I knew that any trip to the bakery or the ice cream shop would be recorded in my financial history. I’d have to part with my hard-earned cash and confront the fact that I didn’t reach my goal every time I logged into the Personal Capital app. That was motivation enough, and I didn’t eat any of those foods.

I didn’t completely knock out my sweet tooth. I still want dessert. But to my surprise, I didn’t want as much of it after the first 6 weeks. I don’t want to eat a whole cookie or a whole piece of cake. A small piece of chocolate or a scoop of ice cream is good enough.

#2 The Health App – Laziness in the Cloud

When I finally updated my iPhone’s software in December, I was most excited about the Health app. It came pre-installed with the new iOS operating system. This one app records how many steps I take and how many miles I run or walk. Or, on the flip side, it records my laziness.

At any moment I can open the app and see my activity, or lack thereof, for the day. Each day I drive to work, sit at my desk, and then go home to my couch, a low number of steps is recorded in the Health app. Each day I go on a long run, walk to meet my friends for dinner, and forego the cab ride home, a higher number of steps is recorded. The rolling average quietly bullies me – like a silent drill sergeant.

It’d be one thing if a day of laziness were acknowledged and then discarded – as has always been the case. What’s one day on the couch if no one knows? Well, now the cloud knows. If I am below my average of 10,000 steps and 4 miles of walking/running, that laziness is stored in the cloud – forever. It’s just enough to scare me into putting on my gym shorts and hitting the track. You’ll see me after work going on those runs in the park and taking those long walks home.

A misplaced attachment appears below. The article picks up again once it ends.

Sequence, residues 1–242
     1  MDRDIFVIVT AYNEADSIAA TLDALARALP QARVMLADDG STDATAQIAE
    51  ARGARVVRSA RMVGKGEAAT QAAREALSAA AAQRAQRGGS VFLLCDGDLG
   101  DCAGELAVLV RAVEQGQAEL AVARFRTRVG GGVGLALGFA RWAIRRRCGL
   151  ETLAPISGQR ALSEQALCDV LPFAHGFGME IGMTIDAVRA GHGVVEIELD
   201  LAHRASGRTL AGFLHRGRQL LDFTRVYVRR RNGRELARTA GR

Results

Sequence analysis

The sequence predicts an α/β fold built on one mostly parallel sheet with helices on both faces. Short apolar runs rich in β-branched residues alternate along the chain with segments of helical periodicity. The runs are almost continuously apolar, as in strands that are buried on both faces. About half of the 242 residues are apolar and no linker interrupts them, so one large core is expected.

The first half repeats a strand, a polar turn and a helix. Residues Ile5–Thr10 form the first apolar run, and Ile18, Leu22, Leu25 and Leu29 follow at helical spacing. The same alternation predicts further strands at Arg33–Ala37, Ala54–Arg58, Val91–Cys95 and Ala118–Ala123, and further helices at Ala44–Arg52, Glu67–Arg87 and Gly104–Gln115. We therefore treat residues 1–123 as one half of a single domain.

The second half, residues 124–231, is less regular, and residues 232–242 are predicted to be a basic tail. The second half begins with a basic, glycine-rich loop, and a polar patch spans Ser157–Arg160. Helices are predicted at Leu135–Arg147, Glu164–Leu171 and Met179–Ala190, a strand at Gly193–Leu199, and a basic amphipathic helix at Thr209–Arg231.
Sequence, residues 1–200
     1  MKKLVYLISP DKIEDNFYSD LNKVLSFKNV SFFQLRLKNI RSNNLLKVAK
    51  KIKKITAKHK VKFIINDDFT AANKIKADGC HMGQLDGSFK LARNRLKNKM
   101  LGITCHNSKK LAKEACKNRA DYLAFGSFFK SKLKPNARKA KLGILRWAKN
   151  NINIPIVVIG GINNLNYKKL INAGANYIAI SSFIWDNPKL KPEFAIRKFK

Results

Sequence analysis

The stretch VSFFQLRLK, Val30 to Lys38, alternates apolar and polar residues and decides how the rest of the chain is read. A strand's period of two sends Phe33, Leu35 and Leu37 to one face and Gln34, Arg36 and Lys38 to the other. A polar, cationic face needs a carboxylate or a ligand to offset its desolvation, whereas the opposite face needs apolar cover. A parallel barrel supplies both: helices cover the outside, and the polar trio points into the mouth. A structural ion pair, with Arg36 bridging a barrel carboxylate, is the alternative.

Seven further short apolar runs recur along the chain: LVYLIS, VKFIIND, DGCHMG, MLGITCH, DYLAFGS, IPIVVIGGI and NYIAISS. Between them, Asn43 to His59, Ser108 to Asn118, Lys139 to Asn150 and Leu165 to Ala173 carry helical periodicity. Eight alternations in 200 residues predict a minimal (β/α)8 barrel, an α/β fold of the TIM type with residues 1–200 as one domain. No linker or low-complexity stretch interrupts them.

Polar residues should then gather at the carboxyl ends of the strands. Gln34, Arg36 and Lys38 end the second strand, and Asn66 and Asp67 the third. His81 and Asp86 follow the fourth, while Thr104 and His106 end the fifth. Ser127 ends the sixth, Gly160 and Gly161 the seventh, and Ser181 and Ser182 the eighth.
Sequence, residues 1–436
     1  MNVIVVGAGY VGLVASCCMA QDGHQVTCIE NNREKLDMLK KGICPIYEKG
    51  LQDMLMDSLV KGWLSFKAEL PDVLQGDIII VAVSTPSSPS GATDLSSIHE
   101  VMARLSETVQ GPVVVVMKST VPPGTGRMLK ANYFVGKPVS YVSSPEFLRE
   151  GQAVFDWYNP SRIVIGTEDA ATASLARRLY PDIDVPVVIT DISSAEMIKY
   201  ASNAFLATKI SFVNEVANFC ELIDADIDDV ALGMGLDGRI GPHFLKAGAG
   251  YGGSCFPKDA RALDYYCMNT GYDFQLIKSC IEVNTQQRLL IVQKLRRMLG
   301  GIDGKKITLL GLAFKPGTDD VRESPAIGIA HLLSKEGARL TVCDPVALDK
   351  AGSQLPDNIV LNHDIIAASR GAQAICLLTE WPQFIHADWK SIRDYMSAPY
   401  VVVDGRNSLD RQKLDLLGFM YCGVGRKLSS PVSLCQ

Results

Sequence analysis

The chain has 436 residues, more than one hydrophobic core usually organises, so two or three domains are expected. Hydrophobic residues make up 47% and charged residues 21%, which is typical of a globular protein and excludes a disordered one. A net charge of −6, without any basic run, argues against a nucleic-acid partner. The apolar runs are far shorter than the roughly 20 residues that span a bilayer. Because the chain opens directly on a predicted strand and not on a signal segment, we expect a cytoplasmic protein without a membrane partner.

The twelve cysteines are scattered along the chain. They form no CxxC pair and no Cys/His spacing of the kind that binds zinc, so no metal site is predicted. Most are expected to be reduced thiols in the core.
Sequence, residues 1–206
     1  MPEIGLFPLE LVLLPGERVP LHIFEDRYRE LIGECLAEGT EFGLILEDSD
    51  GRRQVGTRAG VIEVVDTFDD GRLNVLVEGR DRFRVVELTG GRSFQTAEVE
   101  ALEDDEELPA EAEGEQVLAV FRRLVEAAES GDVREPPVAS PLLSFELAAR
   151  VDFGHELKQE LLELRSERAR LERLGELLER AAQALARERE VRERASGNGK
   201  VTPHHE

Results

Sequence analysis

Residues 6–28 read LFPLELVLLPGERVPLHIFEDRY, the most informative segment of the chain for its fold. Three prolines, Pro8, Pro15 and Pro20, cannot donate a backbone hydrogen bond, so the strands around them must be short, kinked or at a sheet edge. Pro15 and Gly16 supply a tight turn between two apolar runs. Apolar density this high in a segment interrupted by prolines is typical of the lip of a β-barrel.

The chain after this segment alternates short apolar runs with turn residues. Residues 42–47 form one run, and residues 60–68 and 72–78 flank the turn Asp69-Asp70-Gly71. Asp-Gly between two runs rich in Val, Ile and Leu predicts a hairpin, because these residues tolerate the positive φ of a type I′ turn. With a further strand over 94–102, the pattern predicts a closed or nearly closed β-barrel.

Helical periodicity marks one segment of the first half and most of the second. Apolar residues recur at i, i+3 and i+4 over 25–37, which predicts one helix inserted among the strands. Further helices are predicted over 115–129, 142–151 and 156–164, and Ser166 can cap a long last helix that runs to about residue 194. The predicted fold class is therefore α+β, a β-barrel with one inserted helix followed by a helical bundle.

#3 The Metromile App – Making Each Mile Count

Looking at my financial statements on the Personal Capital app, I see the monthly charge for my car insurance. I paid a lot to that cute GEICO gecko since I bought my car. I recently decided to take the plunge and sign up for Metromile, a pay-by-the-mile car insurance company.

Metromile gave me a little device to install in my car, so the company knows how many miles I drive. I’m billed a base monthly fee plus a few cents for every mile I drive. I ran the numbers every which way, and even with a long weekend road-trip or two, given the fact that I don’t drive to work everyday, I’m saving money with this new service. I expect the savings to be roughly $25 a month, and in some months, I think I’ll save up to $50.